>The largest common factor is I just don't get it.

12:57 AM

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math disasterImage by the mad LOLscientist via Flickr



College math. Blehhhh.

I've been having a hard time with it. Right now my grade is hanging at a 69. Ouch.

In a way though I am thankful for it. College math has forced me to re-evaluate my problems with math. I have found out exactly where I have been going wrong all these years. Well, in reality it looks like my problems are random and all over the board. However, when a certain lens is applied to the situation, things suddenly become a lot more clearer.

I seem to have dyscalculia.

The problems this learning disability presents are different for each person, but the root cause is the same. We just don't get numbers. I mean really get them.

The basic multiplication tables are considered to be 1-12 or 0-12 depending on how you look at it. I don't understand why 11 and 12 are tacked on there, so I forget they even exist. To me the tables should be 1-10. The only numbers I feel like I "understand" are 1, 2, 3, 5, and 10. I have tried for years to memorize 4, 6, 7, 8, 9, and 12 multiplication tables with no success. I also have problems working with these numbers. They're easier if they're combined with one of the numbers I "understand" but if they are combined with each other it often takes me a while.

I understand most mathematical and geometrical concepts easily. However, complicated algebraic expressions elude me and I easily forget the formulas. I also have problems computing numbers. I will grasp a concept but ask me to work it out on paper or in my head and I only come up with the correct answer like 65% of the time. Formulas get confused, numbers get confused, and I even have issues understanding what word problems want sometimes and not only give the wrong answer but work out the problem completely wrong.

I started reading up on dyscalculia, really reading up and not just reading the symptoms and going "Well I might be and I might not be..." I was shocked at the level I found myself relating to people on. Everything from the severe math anxiety to the explanations of numbers being more like words than real concepts clicked with me. I asked around and a lot of people said it sounded like I may have the learning disability. I started checking out resources on how to learn math with dyscalculia. The methods listed not only seemed like they would work, one of them actually demonstrated that it did work. A combination of colors and shapes with a series of numbers helped me memorize a string of numbers that I would have never been able to memorize normally (black and white, no shapes).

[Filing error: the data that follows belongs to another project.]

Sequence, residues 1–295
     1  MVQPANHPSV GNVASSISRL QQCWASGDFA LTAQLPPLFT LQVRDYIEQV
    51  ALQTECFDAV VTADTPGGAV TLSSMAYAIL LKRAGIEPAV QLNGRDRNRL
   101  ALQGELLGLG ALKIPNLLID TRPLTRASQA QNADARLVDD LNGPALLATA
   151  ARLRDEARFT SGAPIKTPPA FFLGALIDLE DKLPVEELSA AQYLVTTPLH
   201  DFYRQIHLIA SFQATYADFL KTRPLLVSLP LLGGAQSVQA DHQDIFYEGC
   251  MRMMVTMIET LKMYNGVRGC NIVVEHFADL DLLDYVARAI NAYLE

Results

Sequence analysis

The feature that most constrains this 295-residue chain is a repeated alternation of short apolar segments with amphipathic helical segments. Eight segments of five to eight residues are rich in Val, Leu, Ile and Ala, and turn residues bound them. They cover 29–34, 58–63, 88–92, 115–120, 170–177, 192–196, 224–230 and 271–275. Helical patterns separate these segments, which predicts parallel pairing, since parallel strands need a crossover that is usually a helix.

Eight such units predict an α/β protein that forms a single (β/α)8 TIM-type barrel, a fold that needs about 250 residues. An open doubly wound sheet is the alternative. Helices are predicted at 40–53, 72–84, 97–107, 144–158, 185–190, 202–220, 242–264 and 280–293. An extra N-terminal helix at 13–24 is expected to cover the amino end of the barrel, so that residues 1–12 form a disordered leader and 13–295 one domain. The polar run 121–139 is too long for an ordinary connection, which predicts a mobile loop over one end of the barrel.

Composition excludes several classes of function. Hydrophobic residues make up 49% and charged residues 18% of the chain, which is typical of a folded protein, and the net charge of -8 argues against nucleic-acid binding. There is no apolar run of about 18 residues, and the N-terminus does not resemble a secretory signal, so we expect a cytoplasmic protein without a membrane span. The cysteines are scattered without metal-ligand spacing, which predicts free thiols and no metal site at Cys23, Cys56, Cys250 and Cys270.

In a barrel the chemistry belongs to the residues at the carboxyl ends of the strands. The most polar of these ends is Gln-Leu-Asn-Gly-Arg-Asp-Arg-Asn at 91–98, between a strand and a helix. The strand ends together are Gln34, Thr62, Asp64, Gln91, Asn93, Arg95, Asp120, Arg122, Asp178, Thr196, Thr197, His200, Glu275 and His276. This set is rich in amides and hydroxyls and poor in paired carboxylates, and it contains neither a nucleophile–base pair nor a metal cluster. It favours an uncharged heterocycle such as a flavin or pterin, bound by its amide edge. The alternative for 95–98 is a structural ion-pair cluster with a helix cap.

I've also been playing a basic math game designed for kids with dyscalculia which has been causing me to really see how my perception of numbers is faulty.

This is what I have discovered so far: When I see a number on paper, like the number 7, I don't connect it with seven separate things. I actually read it more like a word than anything else. On top of that, if I see 7 dots: ....... I don't really see seven dots, I either see a bunch of single dots or I see one single section of the page that equals 7. Notice I said equals 7 and not is 7. I also don't really connect those dots: ........ with the number on paper: 7. So... ask me what 7 x 8 is... and I have a hard time just visualizing that first set of seven objects... but ask me what 7 x 2 is and I instantly latch on to that 2 as a lifesaver, reverse it so that I'm doing 2 x 7, and spout out 14. But beware if that problem is on paper... I may mistake that 2 for a 3. If you use more than one number at a time I'm likely to mix them up, too. 838445 becomes 828454 or something crazy like that. I proofread my work and still don't realize that the numbers don't match.

It's hard for me to explain because it doesn't really seem all that weird or abnormal to me. I'm just now discovering that it is abnormal to read 7 as just 7 and not visualize seven objects. When I picture 7 in my head I picture it as just that - 7.

I don't really like the idea of having a learning "disability" though. It's not like I'm unable to learn math. Despite my problems with it in school my math teachers were convinced I was mathematically gifted and pushed for me to go in to gifted classes for it (I remember feeling upset that so many of them thought I was just being lazy and needed more challenge instead of listening to me when I told them I just couldn't understand it). I just learn math differently than most people.

So I have set out on the mission to learn my multiplication tables again utilizing the new things I know about the way I learn. So far I have color coded a multiplication table to focus on some key numbers I have problems with and made a list of some number combinations to focus on for the week (3, 5, 7, 9, and 11 - all highlighted in purple on the chart). Tomorrow I am picking up index cards so I can make colorful flash cards to practice with on this week's material. The numbers are going to be combined in every way possible. That means I'm not only going to cover 3 x 5 but also 5 x 3 and 15 = . The reason I color coded the chart the way I did was to force myself in to seeing the pattern formed by the answers (which is the way I learned the multiplication tables I know). Colors will be further utilized in the flash cards to help me memorize the numbers. The placement of colors on the table will change as my numerical focus changes. Right now the focus is on purple, yellow, blue, and white (lower right corner). Red marks off primes "unofficially" (two is not included). Green "unofficially" marks off even numbers (some of the other colors overlap the green marks).

I will let you know how it works out! :)





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